Review by Katie Grimes
Developmental Editing by Alexandra Hidalgo
Copy Editing and Posting by Elena Cronick
Tip of My Tongue (2016). 80 minutes. Directed by Lynne Sachs. Featuring: Dominga Alvarado, Mark Cohen, Sholeh Dalai, Andrea Kannapell, Sarah Markgraf, Shira Nayman, George Sanchez, Adam Schartoff, Erik Schurink, Accra Shepp, Sue Simon, Jim Supanick.
There is history, and then there is memory. Though both are hardly objective, memory is impossible to remove from personal experience. Often, what we remember from a historical moment is a strong emotion, an intimate moment, the people and objects who surrounded us when the event took place. In Tip of My Tongue, director Lynne Sachs explores the dynamism of memory through poetry, archival footage, and personal interviews; her artful collage of moments intelligently portrays the beauty that often lies hidden in the minds of those around us.
In her film, Sachs brings together twelve New Yorkers born in the early 1960s. Though strangers, together they explore their memories of the past five decades in the intimacy of Sachs’s home. From countries as wide-ranging as Australia, Iran, and the Dominican Republic, participants relive JFK’s assassination, the AIDS epidemic, Occupy Wall Street, and more. As Sachs describes in her narration, “Together we construct a collective distillation of our times, building an inverted history of deep breaths, illness we don’t understand, assaults, the death of a princess, a struggle of a president, a lost envelope, terror. … And so we begin our memory game.”
To my delight, Sachs isn’t afraid to experiment. Her film begins with flashes of color illuminating handwritten notes. Dates accompanied by lines of poetry, some crossed out, appear too quickly to read while archival footage plays in the background. Our eyes only catch a few words here and there: Bob Dylan, Russian spies, the Vietnam War. The montage reminds us of how memories often live in our minds as fragmented, half-remembered pieces sprinkled with bursts of emotion. Throughout the film, Sachs uses close-up shots to confront viewers with the faces of those who remember. We hear them recite their stories in their own words, the intimacy of which reflects the individuality of each of their experiences. Audio is faded in and out to represent the fragility of those memories. In one scene, two participants lie in opposite directions with their heads next to each other, eyes closed. Viewers can see one participant speaking but hear the other’s voice. Like so many elements of Sachs’s film, this scene has layers of meaning. When two people think about the year 1978, two completely different moments come to mind, offering a diverse experience of history.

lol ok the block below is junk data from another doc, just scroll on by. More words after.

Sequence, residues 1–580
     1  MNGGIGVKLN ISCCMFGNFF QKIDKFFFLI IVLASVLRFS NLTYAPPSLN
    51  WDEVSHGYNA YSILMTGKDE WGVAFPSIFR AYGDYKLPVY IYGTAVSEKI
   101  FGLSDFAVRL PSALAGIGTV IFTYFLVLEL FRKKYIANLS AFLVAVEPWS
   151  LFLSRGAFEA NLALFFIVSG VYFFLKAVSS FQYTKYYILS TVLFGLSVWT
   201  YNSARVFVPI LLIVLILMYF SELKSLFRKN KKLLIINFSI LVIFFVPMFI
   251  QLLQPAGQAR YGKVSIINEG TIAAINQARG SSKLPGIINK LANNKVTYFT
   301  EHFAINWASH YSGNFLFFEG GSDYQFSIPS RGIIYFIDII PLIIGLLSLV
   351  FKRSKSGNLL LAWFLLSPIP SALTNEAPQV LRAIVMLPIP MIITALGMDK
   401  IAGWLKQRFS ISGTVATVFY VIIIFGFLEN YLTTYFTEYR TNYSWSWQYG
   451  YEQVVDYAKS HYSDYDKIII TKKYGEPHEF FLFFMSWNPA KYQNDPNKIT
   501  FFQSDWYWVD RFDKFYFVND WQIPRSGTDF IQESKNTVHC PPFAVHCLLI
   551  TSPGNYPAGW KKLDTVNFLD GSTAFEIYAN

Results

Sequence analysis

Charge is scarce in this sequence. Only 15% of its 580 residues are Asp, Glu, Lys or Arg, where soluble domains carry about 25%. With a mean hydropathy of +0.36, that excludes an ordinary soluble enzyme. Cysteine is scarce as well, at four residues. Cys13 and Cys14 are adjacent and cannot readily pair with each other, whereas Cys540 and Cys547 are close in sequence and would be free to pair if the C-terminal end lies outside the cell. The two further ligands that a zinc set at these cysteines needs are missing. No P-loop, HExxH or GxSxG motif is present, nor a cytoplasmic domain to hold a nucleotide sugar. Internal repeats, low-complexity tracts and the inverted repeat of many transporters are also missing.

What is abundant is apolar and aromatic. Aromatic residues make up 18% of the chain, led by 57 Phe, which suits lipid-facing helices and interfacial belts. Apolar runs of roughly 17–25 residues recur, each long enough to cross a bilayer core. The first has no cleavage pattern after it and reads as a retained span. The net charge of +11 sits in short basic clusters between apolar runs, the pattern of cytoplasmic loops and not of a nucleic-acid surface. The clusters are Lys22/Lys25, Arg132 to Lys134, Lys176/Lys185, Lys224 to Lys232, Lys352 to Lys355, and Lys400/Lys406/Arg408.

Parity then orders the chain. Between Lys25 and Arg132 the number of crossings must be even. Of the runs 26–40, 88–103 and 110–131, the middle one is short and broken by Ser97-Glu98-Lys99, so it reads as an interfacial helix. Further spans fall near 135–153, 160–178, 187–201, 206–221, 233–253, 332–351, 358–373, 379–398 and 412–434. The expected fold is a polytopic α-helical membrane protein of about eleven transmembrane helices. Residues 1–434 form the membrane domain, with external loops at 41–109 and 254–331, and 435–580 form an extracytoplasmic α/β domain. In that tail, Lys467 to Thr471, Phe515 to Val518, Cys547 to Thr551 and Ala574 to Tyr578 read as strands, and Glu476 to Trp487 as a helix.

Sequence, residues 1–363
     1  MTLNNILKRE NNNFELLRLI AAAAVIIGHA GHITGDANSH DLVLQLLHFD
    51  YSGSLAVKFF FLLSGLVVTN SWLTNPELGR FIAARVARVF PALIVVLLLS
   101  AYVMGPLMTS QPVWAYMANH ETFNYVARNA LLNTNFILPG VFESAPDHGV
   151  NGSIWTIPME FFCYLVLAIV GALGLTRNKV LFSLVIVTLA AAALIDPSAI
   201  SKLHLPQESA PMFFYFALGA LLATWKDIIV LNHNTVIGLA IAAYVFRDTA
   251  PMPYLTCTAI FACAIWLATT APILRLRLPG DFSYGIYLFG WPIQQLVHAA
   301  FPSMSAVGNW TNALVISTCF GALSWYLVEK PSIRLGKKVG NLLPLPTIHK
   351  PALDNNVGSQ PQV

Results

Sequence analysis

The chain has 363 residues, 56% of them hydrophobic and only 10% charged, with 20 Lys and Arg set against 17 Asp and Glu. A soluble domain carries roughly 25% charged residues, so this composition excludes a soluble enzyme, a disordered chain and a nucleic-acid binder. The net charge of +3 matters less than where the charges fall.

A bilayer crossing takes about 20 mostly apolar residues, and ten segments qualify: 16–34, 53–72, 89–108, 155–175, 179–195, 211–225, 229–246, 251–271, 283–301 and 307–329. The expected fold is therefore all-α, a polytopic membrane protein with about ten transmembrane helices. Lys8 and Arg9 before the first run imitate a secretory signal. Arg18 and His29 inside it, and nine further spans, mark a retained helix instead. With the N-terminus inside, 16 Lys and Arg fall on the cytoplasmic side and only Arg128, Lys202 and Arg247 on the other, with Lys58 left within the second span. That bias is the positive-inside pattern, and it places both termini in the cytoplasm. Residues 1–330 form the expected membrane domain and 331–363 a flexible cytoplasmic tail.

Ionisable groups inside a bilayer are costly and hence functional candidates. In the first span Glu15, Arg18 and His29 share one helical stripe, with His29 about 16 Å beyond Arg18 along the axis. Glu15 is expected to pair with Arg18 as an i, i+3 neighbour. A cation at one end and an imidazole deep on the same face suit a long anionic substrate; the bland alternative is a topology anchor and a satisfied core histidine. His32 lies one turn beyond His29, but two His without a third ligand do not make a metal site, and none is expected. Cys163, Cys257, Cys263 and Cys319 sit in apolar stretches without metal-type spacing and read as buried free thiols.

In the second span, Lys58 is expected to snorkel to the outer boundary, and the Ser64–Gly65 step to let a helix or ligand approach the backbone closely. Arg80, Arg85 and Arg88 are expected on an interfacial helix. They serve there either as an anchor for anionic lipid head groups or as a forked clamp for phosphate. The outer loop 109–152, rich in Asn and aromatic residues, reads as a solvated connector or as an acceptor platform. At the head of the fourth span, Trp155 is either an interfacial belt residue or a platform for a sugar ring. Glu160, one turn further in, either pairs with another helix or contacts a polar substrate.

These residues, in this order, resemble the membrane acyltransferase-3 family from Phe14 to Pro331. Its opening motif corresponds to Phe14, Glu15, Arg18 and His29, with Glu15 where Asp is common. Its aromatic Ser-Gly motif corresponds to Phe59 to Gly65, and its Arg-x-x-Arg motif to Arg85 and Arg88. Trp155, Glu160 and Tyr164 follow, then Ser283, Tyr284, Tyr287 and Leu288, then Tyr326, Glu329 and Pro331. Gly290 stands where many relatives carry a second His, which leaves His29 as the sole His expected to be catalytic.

Tip of My Tongue is entrancing. As someone who was born in the mid ’90s, I am distantly removed from many of the events mentioned in the film. To hear personal accounts of the Iranian revolution or Nixon’s resignation was surreal for me, offering me a glimpse into a past I never experienced. I can only imagine the memories Tip of My Tongue would unearth for those who have lived through those same events. This film offers viewers a brilliant visual representation of what it means to remember. The metaphor one participant uses to describe the nature of political change can easily be applied to the human brain: “It’s like the paradigm of being part of an organism rather than part of a machine.” It’s hardly simple, or even logical, but isn’t the complexity what makes it so interesting?
The world premiere of Tip of My Tongue will include two screenings of the film at the Museum of Modern Art as a part of Doc Fortnight 2017: MoMA’s International Festival of Nonfiction Film and Media.
The screenings will be 7:30 p.m. Saturday, February 25, and 5 p.m. Sunday, February 26 in Theater 1 in the Museum of Modern Art.
View the trailer for Tip of My Tongue and click here to visit Katie Grimes’s profile.